A powered off server uses almost no power. There’s a tiny bit for the baseband controller that you need to remotely turn it on, but that’s nothing compared to spinning up the hard drives.
One additional area AWS may be benefitting from is that as such a huge hard drive purchaser, they might be able to get custom motors or at least firmware that allow the hard drive to spin slower and use less power. Because of the totally different performance characteristics, a hard drive running at 5,400 RPM, or even 3,600 RPM, is likely to be plenty fast enough for the application.
Note that this also likely has something to do with the odd penalty for early deletion. That means they have to keep the server spun up to refill the deleted data.
If you can turn the server off, that means it’s not generating heat. That means you can use less A/C, which is a huge capital and expense item for a data center. Finally, if you were to build dedicated parts of a data center to just hold Glacier components, then you can run the whole thing at a higher temperature because you only have a small number of servers running concurrently and the remaining air becomes a bit of a heat sink allowing it to absorb the BTUs.
Finally, hard drives have a certain number of hours they’re rated for, but as Google discovered, there’s a lot of interesting failure issues involved. Hard drives that aren’t spinning last long, though of course there are limits even to this. Eventually, they’ll fail, but the wear-and-tear is much lower.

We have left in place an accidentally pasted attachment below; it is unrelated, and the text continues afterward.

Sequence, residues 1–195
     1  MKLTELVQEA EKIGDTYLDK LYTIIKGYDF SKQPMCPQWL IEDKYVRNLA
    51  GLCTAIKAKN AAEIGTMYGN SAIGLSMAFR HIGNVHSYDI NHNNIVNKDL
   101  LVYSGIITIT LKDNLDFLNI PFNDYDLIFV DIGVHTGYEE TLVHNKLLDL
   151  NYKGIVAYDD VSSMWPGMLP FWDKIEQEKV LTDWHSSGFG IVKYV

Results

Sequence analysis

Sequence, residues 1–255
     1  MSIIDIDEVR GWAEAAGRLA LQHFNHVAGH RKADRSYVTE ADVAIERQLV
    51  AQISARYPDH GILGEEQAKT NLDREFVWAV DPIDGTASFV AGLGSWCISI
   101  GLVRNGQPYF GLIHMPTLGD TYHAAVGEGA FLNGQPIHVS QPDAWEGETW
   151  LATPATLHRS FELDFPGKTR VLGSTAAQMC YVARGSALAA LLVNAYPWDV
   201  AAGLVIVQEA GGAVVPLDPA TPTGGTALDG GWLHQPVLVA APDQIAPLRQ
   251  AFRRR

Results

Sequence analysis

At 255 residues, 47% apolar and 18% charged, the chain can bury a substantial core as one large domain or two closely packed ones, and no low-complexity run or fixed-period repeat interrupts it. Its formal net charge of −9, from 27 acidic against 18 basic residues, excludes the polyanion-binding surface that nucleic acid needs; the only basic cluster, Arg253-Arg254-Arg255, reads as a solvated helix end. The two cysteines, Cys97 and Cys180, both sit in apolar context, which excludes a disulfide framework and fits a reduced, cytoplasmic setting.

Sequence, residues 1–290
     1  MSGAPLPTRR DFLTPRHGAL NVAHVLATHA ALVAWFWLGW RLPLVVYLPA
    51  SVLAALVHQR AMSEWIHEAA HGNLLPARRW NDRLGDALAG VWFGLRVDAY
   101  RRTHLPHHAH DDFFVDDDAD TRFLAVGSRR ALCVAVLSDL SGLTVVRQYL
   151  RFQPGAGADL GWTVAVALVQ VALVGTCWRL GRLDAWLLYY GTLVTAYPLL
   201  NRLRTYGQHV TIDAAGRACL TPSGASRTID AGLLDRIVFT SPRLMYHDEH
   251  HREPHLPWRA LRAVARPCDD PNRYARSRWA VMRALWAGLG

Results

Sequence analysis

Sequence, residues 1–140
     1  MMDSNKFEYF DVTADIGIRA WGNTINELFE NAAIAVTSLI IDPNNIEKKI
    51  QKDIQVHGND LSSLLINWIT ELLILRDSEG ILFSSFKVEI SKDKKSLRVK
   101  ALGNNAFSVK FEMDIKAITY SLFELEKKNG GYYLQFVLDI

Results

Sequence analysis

Data ingest and retrieval
So how does data get into Glacier? Dollars to donuts says that you don’t talk directly to Glacier. I would imagine there’s a bit of hierarchical storage going on, with S3 being used as a staging repository. Put simply, data is uploading by customers to Glacier through a front end that stores it in S3 until enough data has accumulated to justify spinning up a new set of servers and filling them with data. Once that’s done, the data can be aged out of the S3 “cache”.
When you ask for a retrieval, however, I suspect there’s a coalescing of requests to make sure that as many requests from the same set of machines as possible is satisfied at once. This, combined with the power discussed earlier, is why there’s a 3-5 hour lag, and maybe longer. It also is a psychological pressure not to treat Glacier as a cheap version of S3, but instead as a true “cold storage”. Once retrieved, the data is staged into S3 and available for download.
My guess is that the future capability to do aging in and out of S3 is linked in this. Most likely, AWS is just working out the bugs in their own use before making it generally available.
When you buy large amounts of bandwidth, you’re generally buying symmetrical bandwidth. Buy 100Gbps and you actually are talking 200Gbps, with 100 in each direction. I have no actual data for AWS, but in my experience, most hosting providers have more egress data than ingress. I’m sure there’s exceptions, but that’s generally the case. This is part of why AWS can offer ingress bandwidth for free. For them, it likely is something approaching free, because it’s already provisioned and sitting idle. Also, every gigabyte you upload costs you money to store.
So there you have it. No miracles, just the intelligent application of a lot of holistic system tuning for a specific workload. Now some have supposed that this is just a layer on top of S3, but I think that’s likely not true just because of the totally different workload impacts. What I suspect is it’s derived from S3 code wise, but doesn’t share the same infrastructure in anyway.